The presence of caries, tartar, or gingivitis requires a preventive resolution of the problem. Furthermore, the operation is not recommended for children under the age of 14 and pregnant or breastfeeding women.

The bleaching session with bleaching agents enhanced by light sources can vary from 40 to 60 minutes and the cost.

Bleaching of non-vital teeth

As for the whitening of non-vital teeth, the procedure is totally different from what has been described so far. In these cases, in fact, 35% hydrogen peroxide is used, which is inserted directly into the tooth to be whitened. After that, a temporary filling is made, and the patient can be sent home. After two or three days, the patient must go to the clinic again, where the dentist will check the degree of whitening obtained and will assess the need to carry out a further application or not.

Home whitening

The professional bleaching intervention contrasts with the traditional empirical and do-it-yourself approaches, with a generally low cost but with lower results which, moreover, require relatively long times to be appreciated.

Abrasive toothpaste

One of the most common methods consists in the use of abrasive kinds of toothpaste, whose whitening action is carried out by brushing the teeth with toothpaste with different granulometry. Excessive or improper use of these products can wear down the dental enamel, resulting in yellowing of the teeth; their effectiveness, moreover, is limited to the removal of the most superficial stains.

Personalized Trays

For home whitening, the dentist can create customized soft silicone trays in his office, reproducing the exact shape of the patient's dental arches. In other words, it can provide the patient with the same type of masks used in the clinic for bleaching with high concentration carbamide peroxide.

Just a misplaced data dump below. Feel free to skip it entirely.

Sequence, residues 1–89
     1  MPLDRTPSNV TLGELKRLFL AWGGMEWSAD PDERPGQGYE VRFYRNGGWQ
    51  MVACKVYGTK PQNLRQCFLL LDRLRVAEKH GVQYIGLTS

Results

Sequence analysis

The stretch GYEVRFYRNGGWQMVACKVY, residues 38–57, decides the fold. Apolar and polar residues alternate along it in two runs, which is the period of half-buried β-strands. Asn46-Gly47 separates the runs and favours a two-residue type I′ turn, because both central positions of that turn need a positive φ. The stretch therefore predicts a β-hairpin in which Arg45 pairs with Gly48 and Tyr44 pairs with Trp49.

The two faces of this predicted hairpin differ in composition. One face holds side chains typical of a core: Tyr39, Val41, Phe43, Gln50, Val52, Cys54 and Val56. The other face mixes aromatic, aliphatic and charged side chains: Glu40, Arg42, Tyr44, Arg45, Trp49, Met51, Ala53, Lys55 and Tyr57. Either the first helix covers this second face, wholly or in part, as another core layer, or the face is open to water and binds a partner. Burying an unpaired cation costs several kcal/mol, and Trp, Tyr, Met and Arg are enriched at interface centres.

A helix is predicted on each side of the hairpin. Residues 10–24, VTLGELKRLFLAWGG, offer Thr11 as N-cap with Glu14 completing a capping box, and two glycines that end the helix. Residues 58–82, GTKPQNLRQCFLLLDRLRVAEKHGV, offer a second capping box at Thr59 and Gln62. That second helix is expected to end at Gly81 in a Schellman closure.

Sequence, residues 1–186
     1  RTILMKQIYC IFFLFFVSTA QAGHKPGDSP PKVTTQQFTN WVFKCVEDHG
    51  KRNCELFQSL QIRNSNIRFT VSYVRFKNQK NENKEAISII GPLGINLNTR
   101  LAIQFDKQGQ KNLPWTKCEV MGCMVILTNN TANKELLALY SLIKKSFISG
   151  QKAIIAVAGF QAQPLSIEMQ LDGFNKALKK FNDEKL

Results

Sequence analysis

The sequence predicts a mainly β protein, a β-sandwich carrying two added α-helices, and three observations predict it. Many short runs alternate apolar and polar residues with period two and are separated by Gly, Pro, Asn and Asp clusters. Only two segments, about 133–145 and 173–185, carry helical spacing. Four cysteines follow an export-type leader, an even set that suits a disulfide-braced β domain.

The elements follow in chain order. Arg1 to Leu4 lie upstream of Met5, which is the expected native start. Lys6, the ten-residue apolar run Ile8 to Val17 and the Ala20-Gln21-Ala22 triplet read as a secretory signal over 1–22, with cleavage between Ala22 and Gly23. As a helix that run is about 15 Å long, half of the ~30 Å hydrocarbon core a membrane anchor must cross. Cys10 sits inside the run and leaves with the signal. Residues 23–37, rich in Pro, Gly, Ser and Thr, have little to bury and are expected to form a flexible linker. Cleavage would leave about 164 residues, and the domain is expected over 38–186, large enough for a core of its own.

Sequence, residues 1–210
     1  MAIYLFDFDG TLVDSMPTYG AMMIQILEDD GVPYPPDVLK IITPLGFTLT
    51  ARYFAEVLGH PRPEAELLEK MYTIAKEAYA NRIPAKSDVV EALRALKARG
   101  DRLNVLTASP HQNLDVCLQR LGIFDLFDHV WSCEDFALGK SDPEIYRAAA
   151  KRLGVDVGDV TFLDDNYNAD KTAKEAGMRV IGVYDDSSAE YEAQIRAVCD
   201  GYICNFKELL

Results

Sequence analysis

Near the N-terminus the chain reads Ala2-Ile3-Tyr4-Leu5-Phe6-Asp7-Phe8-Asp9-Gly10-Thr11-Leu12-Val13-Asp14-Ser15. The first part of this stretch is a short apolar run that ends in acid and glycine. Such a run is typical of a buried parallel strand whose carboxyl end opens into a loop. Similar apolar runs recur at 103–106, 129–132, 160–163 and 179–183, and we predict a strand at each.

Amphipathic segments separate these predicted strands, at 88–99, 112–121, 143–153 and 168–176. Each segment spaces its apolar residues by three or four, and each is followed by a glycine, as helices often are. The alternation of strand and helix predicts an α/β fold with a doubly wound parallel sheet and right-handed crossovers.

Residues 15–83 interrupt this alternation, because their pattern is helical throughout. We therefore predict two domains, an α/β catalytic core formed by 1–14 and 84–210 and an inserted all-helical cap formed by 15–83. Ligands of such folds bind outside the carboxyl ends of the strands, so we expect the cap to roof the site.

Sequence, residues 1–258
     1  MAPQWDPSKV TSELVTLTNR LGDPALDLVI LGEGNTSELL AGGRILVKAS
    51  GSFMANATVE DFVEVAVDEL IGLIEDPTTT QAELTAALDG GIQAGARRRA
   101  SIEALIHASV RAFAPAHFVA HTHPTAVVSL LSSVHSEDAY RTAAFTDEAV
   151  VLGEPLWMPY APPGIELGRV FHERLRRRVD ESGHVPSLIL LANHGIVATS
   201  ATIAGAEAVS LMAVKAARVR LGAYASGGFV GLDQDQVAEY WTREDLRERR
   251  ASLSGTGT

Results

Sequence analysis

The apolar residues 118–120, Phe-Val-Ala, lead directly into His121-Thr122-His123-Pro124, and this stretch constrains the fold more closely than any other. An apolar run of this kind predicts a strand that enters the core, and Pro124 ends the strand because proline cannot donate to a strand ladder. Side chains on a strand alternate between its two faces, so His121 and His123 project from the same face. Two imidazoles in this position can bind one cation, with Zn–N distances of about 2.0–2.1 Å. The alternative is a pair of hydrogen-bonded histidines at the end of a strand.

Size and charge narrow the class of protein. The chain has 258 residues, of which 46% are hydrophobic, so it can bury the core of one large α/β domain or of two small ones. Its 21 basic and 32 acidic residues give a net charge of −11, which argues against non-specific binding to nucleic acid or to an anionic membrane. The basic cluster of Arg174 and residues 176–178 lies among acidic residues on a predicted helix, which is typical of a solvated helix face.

Inside these masks, the right amount of whitening gel substances is inserted - such as carbamide peroxide at low concentrations (usually ranging from 10 to 20%) - and proceeds with the application on the teeth. By keeping them in place for a time ranging from 30 minutes to 4-8 hours (according to the dentist's instructions) and repeating the operation for about a week, an excellent whitening effect is obtained (comparable to chairside bleaching).

Generally, the duration of the effect is about 5-6 years, provided that short-term boosters are made during this period.

Whitening Strips

Another widely practiced home intervention uses the so-called "white strips," adhesive strips based on whitening agents that must be adhered to the teeth for 30 minutes, twice a day, for 14 days. Economical, practical, and with a low risk of dentinal hypersensitivity, this treatment, however, is not very effective, requires quite a long time, and the results are guaranteed only for a few months.

What Type of Whitening Should I Do?

We can only know what type of whitening treatment is right for you if you visit our excellent dental office in Surprise, AZ: Great Smiles Dental Care. Dr. Wendelschafer and our experienced dental team are cosmetic dentistry experts and can give you the correct whitening treatment and shading to make sure your smile pops for years to come! Book an appointment with us today and unlock your Great Smile!